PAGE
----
Ad

Discuss this Article

anon337656
Post 11

My doctor tells me that I have Meniere's with the nerve deafness. It's in my family, along with tinnitus, and now vertigo the past few years. My mom and my brother both had motion sickness when riding in a car. My dad had a boat and it never bothered me when I was young, nor did it bother my sister.

Mom and a few of my aunts took antivert for many years. I started with Meclize but it never helped.

My doctor now has me on small doses of Valium. Usually, my episodes only last for a couple of days, but this time I've been into my third week. I hope it goes away soon. I love yard work, garden, flowers, etc. I do get nauseated, but haven't vomited.

anon292813
Post 10

I suffer from head spins and am always sick. I also sweat a lot and sometimes lie on a cold floor with the back door open to cool down. It's very frightening.

My doctor said it's my inner ears since I get ear infections.

I went to the hospital and had my ears suctioned. Although I still get head spins, no one can seem to be able to help me. I also get the feeling of slight giddiness most days which I can live with, but am still worried they will turn into a full blown headspin.

orangey03
Post 9

Panic attacks brought on my vertigo. In fact, extreme dizziness and lightheadedness were among the first signs that I was about to have one.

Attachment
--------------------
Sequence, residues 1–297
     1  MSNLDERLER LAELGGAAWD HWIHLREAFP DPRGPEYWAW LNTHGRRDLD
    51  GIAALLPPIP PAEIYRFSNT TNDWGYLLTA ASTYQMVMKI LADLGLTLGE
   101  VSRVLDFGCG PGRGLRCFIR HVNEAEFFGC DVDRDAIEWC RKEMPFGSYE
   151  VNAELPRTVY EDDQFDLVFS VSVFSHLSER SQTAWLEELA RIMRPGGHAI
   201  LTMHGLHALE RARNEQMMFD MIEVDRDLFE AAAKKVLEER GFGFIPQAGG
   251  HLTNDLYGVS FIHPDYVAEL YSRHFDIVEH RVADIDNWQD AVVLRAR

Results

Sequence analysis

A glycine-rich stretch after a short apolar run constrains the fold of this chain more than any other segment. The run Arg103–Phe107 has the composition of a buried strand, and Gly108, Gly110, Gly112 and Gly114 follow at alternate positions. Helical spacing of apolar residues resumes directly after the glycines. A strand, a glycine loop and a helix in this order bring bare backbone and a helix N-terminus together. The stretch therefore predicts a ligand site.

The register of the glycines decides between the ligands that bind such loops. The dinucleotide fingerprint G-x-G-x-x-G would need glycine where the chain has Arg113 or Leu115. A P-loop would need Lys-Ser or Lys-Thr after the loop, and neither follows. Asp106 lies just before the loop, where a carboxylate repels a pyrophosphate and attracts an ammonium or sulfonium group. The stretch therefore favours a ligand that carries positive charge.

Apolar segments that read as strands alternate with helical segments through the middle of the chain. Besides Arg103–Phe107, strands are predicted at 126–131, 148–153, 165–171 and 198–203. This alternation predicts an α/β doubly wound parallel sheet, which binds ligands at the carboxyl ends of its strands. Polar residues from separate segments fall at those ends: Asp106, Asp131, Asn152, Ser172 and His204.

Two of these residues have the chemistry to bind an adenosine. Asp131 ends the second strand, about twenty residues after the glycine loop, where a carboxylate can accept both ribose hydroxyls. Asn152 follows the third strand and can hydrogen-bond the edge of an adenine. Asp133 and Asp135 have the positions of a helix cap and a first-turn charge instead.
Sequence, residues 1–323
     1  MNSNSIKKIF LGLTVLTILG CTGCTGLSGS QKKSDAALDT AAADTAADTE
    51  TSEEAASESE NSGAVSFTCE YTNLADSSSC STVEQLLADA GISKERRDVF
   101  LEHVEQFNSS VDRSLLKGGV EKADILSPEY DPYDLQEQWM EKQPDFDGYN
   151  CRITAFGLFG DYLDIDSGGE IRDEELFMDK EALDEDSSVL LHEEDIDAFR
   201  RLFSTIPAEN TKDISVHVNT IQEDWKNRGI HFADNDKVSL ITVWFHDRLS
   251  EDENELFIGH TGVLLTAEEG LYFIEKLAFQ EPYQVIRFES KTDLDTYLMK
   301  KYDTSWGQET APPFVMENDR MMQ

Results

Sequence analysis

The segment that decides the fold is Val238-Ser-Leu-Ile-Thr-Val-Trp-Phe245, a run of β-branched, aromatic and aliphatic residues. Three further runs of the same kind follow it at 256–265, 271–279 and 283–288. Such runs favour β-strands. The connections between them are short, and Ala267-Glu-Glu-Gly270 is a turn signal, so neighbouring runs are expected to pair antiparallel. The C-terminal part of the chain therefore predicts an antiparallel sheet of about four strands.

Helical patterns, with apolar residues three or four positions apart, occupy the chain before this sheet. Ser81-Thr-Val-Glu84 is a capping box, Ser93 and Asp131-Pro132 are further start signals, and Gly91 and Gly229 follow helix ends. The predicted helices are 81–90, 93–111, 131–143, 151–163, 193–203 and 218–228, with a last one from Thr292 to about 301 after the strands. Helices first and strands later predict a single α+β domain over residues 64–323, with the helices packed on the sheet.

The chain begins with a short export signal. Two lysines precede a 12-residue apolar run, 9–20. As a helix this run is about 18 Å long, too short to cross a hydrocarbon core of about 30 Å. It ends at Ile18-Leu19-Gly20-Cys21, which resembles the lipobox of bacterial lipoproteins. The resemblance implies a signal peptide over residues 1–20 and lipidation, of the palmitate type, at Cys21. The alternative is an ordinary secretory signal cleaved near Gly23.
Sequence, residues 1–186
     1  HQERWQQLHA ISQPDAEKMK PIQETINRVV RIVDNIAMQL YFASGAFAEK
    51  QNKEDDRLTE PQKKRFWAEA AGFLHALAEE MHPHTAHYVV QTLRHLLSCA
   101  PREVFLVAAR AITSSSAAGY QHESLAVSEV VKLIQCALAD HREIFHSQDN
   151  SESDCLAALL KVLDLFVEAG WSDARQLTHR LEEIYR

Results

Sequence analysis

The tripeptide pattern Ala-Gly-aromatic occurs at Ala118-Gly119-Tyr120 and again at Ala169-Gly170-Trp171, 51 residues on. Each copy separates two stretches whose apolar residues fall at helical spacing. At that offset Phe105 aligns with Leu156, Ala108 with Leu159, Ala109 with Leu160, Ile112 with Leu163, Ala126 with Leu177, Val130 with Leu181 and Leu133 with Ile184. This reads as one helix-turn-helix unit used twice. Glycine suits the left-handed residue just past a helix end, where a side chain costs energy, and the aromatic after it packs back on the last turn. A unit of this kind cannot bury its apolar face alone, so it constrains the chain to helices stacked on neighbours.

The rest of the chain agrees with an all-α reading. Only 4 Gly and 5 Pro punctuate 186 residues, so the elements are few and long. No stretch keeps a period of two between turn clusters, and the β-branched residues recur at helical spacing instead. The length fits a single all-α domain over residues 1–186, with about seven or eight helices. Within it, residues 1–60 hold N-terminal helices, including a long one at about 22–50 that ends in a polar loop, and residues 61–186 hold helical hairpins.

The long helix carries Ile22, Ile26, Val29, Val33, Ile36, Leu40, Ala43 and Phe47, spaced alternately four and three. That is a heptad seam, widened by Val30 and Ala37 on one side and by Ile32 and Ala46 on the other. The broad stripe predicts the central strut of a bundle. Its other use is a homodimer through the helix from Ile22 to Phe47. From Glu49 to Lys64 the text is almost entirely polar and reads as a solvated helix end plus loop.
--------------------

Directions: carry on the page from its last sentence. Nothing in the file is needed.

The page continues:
They would come when I least expected it. I didn’t even have to be thinking about anything stressful. All of a sudden, I would feel a light tingling in my hands, followed by a sudden drop in my center of gravity. I felt like I was floating away from reality, and the room did spin a bit.

I’m so glad I don’t have them anymore. They made me feel really ill. I would get hot and short of breath, and I could not walk until the vertigo disappeared.

kylee07drg
Post 8

I suffer from vertigo anytime that I squat for awhile and then stand up. It happens to me in stores when I lower myself to look at something on a shelf near the floor and then stand upright. I become very lightheaded for a few moments, and I feel like I am going to faint.

The first time that it happened, I was in a shoe store. I had to squat down because they had my size on the bottom shelf, and when I stood up again, I saw spots and felt faint. I’ve never been to a doctor about it, because all of my friends say they experience the same thing.